The second is justification or excusing it away. This is where the defensive spouse avoids the feelings of shame by justifying themselves. They typically respond to criticism by rationalizing their behavior and speech. The exchange resembles a courtroom at this point. A reasonable excuse is usually offered and if that is not enough, another one follows. This effort ends in futility.
Lastly is the response of stonewalling. This is where the defensive spouse shuts down automatically. The criticism is met like a concrete wall. With this response, it’s typical to hear things like, “I’m not going to sit here and listen to you tell me how horrible I am”. The conversation is dead before it gets started.
What’s the Solution?
So what’s the antidote? How can a person become less defensive? I think the answer lies in the story of the fall as well. God makes provision for our shame in advance by sending a sacrifice for our wrongdoings. He covers our shame with a sacrificial covering of his grace. That sacrifice ultimately takes the form of Jesus Christ. As a recipient of God’s mercy and justification for our forgiveness, it is no longer necessary to hang on to old feelings of worthlessness and self-condemnation. But this is an area that many of us struggle against. But unless we receive forgiveness and mercy from God, we will not have the strength to receive criticism from others in the graceful way God instructs us.
3 Steps to Resolving Conflict in Marriage
Some practical steps you can take in practicing a shameless love begins with getting into the habit of confessing personal wrongdoings openly to God. If we’re not honest about our shortcomings with God, we will find it impossible to be open with others. Receiving God’s grace makes it so much easier to hear the tough things we sometimes need to hear. The next few maneuvers can be practiced within your marriage.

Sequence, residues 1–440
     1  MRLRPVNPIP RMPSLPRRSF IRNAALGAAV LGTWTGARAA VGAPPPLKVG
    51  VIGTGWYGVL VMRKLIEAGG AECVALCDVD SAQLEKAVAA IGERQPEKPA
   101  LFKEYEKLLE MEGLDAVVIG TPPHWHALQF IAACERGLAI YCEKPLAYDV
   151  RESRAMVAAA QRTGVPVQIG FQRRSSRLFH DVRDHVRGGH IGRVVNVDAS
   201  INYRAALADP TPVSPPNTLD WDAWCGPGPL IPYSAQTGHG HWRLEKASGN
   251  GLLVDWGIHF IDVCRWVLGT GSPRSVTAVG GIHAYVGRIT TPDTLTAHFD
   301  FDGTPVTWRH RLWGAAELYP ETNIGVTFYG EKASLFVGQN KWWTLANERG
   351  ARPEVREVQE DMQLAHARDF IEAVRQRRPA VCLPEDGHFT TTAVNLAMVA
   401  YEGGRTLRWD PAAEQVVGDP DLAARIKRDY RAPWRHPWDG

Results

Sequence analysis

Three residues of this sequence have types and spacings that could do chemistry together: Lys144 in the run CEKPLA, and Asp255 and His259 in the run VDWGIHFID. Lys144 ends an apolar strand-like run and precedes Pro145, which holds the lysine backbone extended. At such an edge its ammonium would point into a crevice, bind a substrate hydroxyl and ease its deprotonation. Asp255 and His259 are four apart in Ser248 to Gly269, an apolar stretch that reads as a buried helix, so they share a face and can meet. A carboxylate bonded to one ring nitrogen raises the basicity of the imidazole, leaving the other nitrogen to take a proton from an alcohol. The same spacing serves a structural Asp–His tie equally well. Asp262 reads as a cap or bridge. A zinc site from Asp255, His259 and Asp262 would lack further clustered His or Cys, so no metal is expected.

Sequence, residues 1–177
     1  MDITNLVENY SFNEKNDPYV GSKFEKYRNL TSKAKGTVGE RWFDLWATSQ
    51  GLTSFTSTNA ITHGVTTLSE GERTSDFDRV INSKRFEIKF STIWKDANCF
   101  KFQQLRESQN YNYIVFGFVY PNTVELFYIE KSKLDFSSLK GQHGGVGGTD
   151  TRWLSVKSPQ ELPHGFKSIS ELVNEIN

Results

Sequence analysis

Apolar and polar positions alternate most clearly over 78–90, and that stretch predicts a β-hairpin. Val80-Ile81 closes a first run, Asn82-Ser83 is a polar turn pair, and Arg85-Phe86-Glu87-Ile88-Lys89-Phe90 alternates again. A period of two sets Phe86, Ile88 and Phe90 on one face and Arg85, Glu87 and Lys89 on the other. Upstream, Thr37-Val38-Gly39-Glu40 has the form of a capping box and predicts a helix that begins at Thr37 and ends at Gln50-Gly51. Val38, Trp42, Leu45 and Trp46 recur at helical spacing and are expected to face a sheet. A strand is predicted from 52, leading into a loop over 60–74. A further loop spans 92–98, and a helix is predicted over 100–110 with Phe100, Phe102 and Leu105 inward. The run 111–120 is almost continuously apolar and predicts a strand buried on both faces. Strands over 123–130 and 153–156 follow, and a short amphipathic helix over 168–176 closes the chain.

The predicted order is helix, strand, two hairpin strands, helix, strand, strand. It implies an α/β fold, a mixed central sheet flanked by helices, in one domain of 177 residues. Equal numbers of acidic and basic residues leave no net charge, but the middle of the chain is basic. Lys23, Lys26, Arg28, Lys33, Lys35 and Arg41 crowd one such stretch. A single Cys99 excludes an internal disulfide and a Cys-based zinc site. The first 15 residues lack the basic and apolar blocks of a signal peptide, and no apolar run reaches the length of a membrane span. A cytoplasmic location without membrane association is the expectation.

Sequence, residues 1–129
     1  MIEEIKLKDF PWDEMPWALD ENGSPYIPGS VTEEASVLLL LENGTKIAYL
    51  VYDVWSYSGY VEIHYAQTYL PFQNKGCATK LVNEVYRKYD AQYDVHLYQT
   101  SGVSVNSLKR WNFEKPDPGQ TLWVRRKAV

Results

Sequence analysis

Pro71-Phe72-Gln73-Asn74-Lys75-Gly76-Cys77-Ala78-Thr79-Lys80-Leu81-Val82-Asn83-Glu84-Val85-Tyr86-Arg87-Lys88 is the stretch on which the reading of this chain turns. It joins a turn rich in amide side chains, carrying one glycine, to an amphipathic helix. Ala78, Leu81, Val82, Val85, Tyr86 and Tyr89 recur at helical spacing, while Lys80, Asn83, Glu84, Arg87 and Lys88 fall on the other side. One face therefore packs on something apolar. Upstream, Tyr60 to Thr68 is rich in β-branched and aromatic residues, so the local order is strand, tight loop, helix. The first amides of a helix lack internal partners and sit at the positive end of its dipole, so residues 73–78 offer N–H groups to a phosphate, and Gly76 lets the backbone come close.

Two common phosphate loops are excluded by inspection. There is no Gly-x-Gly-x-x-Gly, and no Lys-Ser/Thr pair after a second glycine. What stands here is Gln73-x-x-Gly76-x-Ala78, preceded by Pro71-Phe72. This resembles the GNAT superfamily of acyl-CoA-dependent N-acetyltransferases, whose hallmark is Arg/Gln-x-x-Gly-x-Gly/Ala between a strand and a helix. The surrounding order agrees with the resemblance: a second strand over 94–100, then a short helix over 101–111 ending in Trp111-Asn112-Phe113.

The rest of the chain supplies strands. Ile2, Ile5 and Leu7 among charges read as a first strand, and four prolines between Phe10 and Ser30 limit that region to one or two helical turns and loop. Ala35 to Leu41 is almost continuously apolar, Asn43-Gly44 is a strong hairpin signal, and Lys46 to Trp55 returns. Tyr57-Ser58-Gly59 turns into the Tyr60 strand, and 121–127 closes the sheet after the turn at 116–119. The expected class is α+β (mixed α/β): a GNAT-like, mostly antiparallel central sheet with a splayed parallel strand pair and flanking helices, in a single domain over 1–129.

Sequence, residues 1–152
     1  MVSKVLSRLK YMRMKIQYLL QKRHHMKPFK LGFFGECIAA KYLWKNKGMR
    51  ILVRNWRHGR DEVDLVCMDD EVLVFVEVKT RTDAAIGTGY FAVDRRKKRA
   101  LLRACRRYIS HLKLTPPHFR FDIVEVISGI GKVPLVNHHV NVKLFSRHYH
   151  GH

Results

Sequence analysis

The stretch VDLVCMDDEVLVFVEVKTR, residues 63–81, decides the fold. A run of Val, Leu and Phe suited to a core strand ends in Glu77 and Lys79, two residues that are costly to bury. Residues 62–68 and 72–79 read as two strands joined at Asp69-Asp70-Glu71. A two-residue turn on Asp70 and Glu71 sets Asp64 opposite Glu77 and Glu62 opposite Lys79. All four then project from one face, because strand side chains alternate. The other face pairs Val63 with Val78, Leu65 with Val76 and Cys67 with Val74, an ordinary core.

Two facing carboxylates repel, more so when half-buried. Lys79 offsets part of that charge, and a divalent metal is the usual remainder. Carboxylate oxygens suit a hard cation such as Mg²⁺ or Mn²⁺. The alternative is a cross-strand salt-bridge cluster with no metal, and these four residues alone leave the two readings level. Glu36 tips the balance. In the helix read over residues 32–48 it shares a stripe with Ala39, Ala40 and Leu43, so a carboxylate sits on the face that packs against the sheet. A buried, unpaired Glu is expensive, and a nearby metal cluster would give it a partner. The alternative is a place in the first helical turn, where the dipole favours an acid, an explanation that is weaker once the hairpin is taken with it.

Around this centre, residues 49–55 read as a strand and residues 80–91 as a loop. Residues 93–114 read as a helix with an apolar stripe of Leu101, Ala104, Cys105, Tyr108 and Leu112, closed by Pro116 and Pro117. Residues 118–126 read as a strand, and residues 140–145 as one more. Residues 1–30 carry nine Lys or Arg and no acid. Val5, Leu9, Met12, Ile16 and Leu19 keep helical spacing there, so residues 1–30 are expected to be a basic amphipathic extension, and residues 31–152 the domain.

1. Accept what your spouse confronting you about.
This sometimes takes some editing to get to the positive request being made. Most of the time, there is a legitimate issue that needs to be addressed underneath our spouses’ complaints.
2. Anticipate that changes need to be made in healthy marriages.
If we never invested or worked for the betterment of our relationships they would become stagnant and eventually decay. It is wise to assume that personal change is necessary.
3. Accept that character development and growth are fundamental for vibrant marriages.
That means we are responsible for our relationships. These changes are slow to develop as character-related issues tend to be. But with the right spirit of grace, God will allow us to hear and receive what shame would have otherwise shut out. As the Apostle Paul states in Ephesians 2:8-9, “For you are saved by grace through faith, and this is not from yourselves; it is God’s gift—not from works, so that no one can boast,” and I am convinced it is by this same grace that our marriages will be saved.
Nathan Thompson is marriage and family pastor at Southeast Christian Church in Louisville, Kentucky.